“Williams served nearly his entire working career at Alcorn State University,” Commissioner of Higher Education Dr. Thomas C. Meredith said. “He is committed to the vision of the institution and will effectively guide the University until a permanent president is announced.”
Meredith, who made his first visit to the Claiborne County campus earlier this month, said then and repeated Sunday his admiration for Bristow.
“His love for Alcorn and its students was remarkable,” he said.
Bristow came to Alcorn after a career in law and education in Illinois. He earned three degrees from Northwestern University in Evanston, Ill., including a doctorate in education and public administration.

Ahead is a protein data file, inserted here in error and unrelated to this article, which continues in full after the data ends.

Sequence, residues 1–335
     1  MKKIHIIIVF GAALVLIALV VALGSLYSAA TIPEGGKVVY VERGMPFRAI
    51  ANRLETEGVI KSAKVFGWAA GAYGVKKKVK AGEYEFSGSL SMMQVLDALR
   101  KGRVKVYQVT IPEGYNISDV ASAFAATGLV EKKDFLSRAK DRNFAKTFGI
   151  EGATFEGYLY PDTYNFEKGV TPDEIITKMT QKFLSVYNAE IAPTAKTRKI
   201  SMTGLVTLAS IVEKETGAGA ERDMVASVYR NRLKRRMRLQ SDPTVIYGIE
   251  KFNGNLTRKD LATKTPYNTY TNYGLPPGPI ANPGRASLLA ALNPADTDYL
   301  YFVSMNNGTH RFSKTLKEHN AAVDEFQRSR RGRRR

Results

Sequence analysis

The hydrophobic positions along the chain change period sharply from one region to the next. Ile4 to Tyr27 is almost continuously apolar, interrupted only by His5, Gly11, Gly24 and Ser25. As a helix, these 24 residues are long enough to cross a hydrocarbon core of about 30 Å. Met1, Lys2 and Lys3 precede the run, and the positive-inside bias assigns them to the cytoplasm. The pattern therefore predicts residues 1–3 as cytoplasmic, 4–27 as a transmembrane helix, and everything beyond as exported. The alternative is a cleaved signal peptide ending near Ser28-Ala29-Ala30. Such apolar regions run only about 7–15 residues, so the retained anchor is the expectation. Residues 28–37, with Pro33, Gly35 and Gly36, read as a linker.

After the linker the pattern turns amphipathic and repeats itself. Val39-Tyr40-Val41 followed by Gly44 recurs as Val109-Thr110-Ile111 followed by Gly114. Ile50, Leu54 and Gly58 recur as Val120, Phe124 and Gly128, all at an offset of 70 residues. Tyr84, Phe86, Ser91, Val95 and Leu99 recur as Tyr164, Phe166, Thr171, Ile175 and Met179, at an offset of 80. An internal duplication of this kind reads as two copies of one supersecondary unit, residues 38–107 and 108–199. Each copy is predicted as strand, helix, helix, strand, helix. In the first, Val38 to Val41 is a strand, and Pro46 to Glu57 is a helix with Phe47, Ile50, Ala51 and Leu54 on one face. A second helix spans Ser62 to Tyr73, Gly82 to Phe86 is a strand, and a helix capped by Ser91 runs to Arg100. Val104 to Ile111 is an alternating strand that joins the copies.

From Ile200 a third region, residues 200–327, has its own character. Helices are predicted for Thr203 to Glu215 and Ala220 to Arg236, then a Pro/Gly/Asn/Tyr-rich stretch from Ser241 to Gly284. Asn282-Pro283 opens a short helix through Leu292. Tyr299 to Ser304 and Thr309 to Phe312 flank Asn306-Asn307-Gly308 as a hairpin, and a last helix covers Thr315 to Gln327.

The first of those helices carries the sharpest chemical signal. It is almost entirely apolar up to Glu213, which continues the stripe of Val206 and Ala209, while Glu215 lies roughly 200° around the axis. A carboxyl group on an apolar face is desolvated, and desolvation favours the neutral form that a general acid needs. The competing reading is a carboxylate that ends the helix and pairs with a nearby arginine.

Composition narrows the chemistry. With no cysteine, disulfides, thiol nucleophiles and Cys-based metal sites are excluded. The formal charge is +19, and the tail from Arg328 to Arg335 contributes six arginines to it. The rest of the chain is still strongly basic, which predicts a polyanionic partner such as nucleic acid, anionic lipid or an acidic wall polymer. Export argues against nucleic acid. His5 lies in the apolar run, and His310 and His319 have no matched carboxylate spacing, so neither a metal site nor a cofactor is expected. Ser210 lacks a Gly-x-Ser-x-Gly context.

After practicing law and real estate for five years, he served as dean of the College of Business at Chicago State University for 15 years before taking the reins at Alcorn State.
He was the university’s 16th president, succeeding Dr. Walter Washington, their longest-serving president, who had served since 1969.
His tenure was marked by a building boom on campus, with several projects completed and several under way. He also created a master’s of business administration degree program in Natchez and expanded computer, nursing and engineering courses offered in Vicksburg, the two cities nearest the isolated campus.
He was known for promoting Alcorn as an “academic resort” and was candid about its location – far from malls, movies and fast-food restaurants. He said it took special students to enroll at Alcorn and that it made them closer to each other.